Ever since drawing the parallel between Thomas Pynchon and Paul Thomas Anderson in my review of There Will Be Blood, I've been considering the connections between their works. Here's a lighthearted little bit.
Hard Eight, Anderson's first film, is like the stories in Slow Learner. Shows promise, but still existing within genre, and without the dizzying complexity that characterize the later works of both artists.
Boogie Nights is V., the first major work by both narrative artists. Hugely promising of things to come, both works shot their respective authors to a level of stardom in their respective communities.
Magnolia is Against the Day. Both are huge, long, masterful works that have been criticized as overindulgent, but which are embraced by fans nonetheless.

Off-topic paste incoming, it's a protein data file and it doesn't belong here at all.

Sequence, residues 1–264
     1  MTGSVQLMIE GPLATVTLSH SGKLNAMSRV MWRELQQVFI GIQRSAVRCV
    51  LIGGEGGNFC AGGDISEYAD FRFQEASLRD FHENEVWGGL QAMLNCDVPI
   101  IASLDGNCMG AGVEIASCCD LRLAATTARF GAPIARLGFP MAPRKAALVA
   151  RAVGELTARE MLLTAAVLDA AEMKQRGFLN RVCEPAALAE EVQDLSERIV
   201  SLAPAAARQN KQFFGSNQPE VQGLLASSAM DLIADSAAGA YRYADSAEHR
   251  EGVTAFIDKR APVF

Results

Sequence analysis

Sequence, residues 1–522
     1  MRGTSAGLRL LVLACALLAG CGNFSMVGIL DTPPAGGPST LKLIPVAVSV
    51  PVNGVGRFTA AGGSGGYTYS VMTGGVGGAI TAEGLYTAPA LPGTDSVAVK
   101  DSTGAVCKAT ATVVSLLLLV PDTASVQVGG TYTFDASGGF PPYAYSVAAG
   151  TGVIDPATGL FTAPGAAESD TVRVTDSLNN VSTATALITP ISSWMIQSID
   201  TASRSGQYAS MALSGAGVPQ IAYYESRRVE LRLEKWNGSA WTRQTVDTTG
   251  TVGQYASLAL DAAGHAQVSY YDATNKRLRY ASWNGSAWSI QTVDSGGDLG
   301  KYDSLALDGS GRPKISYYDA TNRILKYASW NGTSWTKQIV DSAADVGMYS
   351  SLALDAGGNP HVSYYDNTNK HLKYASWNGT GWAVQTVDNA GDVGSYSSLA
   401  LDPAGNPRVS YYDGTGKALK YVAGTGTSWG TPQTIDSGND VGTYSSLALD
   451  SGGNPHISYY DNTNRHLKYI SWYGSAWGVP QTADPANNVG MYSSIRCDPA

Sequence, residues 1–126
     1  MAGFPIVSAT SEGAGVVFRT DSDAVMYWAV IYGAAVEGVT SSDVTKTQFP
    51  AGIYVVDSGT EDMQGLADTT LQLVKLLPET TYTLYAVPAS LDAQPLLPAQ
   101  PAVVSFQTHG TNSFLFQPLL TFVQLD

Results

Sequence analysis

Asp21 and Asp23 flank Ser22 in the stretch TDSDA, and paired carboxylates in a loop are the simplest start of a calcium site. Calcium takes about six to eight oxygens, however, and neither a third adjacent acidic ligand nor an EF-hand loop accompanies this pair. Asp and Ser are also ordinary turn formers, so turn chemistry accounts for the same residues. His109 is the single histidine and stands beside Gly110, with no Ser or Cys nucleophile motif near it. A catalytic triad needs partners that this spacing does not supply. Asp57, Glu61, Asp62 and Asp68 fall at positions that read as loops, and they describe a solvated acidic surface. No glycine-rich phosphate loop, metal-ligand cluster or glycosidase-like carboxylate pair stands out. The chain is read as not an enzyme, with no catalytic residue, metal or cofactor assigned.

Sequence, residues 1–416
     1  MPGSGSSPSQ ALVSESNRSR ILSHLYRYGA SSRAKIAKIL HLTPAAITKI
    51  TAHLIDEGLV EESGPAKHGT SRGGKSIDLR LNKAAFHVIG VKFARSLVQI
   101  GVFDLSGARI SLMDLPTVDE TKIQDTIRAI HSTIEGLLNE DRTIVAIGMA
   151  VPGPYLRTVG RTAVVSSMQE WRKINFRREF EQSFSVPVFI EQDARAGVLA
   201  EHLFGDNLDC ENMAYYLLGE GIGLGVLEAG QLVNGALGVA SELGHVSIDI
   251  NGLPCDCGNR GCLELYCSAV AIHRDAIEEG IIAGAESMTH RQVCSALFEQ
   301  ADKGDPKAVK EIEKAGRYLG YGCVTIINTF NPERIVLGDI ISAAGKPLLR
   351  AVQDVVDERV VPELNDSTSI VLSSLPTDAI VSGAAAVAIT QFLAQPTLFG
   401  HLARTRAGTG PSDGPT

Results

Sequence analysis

Punch-Drunk Love is Crying of Lot 49. Both are the shortest works of the respective artists, and represent a sort of "diddling play" with the tools of their medium.
There Will Be Blood is Gravity's Rainbow. It's tempting to call this Mason & Dixon, as both works deal with long-past historical fiction, but I suspect that in both cases the works in question will be considered to be the best works the artists ever create. Of course, Anderson is still young, and he may have an ever greater masterpiece in him, but right now I think it's fair to connect the two.
Okay, now I'm going to shut up about There Will Be Blood for awhile.